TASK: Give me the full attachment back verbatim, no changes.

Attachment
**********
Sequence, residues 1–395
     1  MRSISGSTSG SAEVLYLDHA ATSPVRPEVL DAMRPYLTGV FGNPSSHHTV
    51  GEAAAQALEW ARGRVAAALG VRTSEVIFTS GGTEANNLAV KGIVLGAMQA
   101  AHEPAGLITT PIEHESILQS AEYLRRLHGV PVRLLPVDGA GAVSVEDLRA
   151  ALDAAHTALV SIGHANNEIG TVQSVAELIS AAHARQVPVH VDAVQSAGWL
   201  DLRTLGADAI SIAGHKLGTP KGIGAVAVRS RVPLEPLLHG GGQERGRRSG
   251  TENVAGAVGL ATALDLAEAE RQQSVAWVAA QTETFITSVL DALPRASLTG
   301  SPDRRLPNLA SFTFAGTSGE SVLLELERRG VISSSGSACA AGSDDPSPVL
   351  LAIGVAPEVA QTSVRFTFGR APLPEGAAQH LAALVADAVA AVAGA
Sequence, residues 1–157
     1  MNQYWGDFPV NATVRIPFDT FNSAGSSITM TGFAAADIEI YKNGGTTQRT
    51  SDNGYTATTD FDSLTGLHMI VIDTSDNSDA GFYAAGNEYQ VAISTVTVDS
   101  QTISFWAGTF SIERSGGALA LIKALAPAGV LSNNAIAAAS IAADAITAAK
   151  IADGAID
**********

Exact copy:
Sequence, residues 1–395
     1  MRSISGSTSG SAEVLYLDHA ATSPVRPEVL DAMRPYLTGV FGNPSSHHTV
    51  GEAAAQALEW ARGRVAAALG VRTSEVIFTS GGTEANNLAV KGIVLGAMQA
   101  AHEPAGLITT PIEHESILQS AEYLRRLHGV PVRLLPVDGA GAVSVEDLRA
   151  ALDAAHTALV SIGHANNEIG TVQSVAELIS AAHARQVPVH VDAVQSAGWL
   201  DLRTLGADAI SIAGHKLGTP KGIGAVAVRS RVPLEPLLHG GGQERGRRSG
   251  TENVAGAVGL ATALDLAEAE RQQSVAWVAA QTETFITSVL DALPRASLTG
   301  SPDRRLPNLA SFTFAGTSGE SVLLELERRG VISSSGSACA AGSDDPSPVL
   351  LAIGVAPEVA QTSVRFTFGR APLPEGAAQH LAALVADAVA AVAGA
Sequence, residues 1–157
     1  MNQYWGDFPV NATVRIPFDT FNSAGSSITM TGFAAADIEI YKNGGTTQRT
    51  SDNGYTATTD FDSLTGLHMI VIDTSDNSDA GFYAAGNEYQ VAISTVTVDS
   101  QTISFWAGTF SIERSGGALA LIKALAPAGV LSNNAIAAAS IAADAITAAK
   151  IADGAID